Demand for digital workers grows
Although headlines may currently be hogged by the worsening of the UK's economic climate, the demand for skilled professionals in the digital industry is growing.
However, increased demand leads to itchy feet - and with opportunities to move currently running high, employers need to pay attention to their retention strategies to ensure the loyalty of their workforce.
The demand for skilled digital specialists is on the up, according to a survey conducted by Aquent, the leading global staffing firm. In the Aquent Orange Book, an industry document containing salary surveys and analysis of hiring trends, the firm details this growth in demand - highlighting the comparison to trends in other media.
Their survey has revealed high rates of staff turnover and short lengths of employment in London's digital sectors - a likely result of increased demand.
Aquent European Managing Director, Stefan Ciecierski, says: "With revenue growth slowing, and in some cases, shrinking, CEOs across the globe are looking for measurable ROI - digital provides a far greater ability to measure the return on marketing dollars spent.
"Ironically, the transfer of marketing spend to digital is exacerbated by the tougher economic climate, because for most companies its cheaper or more cost effective to spend on digital than it is on print, TV or outdoor advertising.
"Advertisers are moving to digital, and the agencies are enjoying a greater slice of the action, which in turn, is driving digital staff demand."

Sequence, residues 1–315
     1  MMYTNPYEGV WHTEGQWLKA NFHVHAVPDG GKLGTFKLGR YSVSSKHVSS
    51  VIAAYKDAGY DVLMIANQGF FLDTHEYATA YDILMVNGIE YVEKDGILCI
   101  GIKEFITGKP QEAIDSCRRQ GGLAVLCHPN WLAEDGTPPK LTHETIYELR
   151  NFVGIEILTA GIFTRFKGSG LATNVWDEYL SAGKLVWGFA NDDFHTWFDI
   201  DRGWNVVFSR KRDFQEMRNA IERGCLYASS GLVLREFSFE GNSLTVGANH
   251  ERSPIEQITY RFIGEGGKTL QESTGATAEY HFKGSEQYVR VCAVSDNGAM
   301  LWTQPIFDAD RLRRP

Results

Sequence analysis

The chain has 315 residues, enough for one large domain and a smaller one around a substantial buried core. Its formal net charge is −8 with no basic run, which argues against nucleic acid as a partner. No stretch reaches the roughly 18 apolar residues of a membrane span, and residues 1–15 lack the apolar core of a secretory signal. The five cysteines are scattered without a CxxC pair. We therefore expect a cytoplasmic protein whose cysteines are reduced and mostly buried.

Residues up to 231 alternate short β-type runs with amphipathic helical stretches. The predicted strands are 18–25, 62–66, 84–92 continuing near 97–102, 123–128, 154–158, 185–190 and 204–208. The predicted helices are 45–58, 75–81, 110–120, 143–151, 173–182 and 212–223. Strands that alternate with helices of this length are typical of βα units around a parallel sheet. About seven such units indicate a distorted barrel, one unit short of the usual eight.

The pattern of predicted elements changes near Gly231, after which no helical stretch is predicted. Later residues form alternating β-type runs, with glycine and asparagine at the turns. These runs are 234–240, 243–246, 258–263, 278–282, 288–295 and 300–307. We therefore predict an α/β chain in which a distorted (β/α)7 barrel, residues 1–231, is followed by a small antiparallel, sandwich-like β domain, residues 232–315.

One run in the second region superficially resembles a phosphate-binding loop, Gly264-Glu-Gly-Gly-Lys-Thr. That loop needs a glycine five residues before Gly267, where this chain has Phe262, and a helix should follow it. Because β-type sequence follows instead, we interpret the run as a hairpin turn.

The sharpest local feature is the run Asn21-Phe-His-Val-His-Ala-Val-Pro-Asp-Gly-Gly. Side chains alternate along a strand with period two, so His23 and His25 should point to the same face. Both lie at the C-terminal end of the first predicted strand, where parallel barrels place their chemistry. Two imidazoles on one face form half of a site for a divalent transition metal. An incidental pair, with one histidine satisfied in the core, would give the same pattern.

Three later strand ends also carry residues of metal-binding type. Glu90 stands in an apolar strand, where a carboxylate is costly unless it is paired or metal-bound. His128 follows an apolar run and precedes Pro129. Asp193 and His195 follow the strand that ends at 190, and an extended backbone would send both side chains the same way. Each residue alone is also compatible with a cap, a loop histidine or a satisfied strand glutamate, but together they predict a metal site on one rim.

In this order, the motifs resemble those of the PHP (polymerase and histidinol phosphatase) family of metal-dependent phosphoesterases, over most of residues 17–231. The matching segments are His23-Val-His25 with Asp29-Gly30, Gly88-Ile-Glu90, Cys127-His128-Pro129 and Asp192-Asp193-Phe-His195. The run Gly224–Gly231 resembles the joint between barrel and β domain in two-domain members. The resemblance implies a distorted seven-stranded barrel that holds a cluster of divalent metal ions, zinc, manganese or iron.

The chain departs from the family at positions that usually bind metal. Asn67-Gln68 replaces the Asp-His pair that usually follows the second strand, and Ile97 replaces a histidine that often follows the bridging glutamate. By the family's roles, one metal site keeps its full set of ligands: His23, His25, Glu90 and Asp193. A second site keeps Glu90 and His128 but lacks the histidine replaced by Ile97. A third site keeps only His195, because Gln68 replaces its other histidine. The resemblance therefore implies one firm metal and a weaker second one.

Staff turnover rates of 20 percent and greater were recorded for a quarter of digital and marketing staff in digital agencies.
Ciecierski says: "These high rates of employee churn have an obvious raw cost to the business, but at a deeper level, they will harm the competitiveness of many agencies at a time where securing market share is increasingly critical."
"Many owners and managers in the digital sector will need to revisit what they are doing to attract and retain staff."
The Aquent Orange Book highlights some approaches to this issue, citing flexible arrangements for employees (options to work from home, shared and part-time employment, and so on) as corresponding to a more committed and loyal workforce.
"Employers committed to talent acquisition and retention will also be well advised to beef up their internal training programmes and to make employees far more aware of the career development potential in the organisation," says Ciecierski.
"The Aquent research now provides empirical data to show that money and other traditional drivers of job satisfaction are simply not enough alone to attract and retain key employees anymore."
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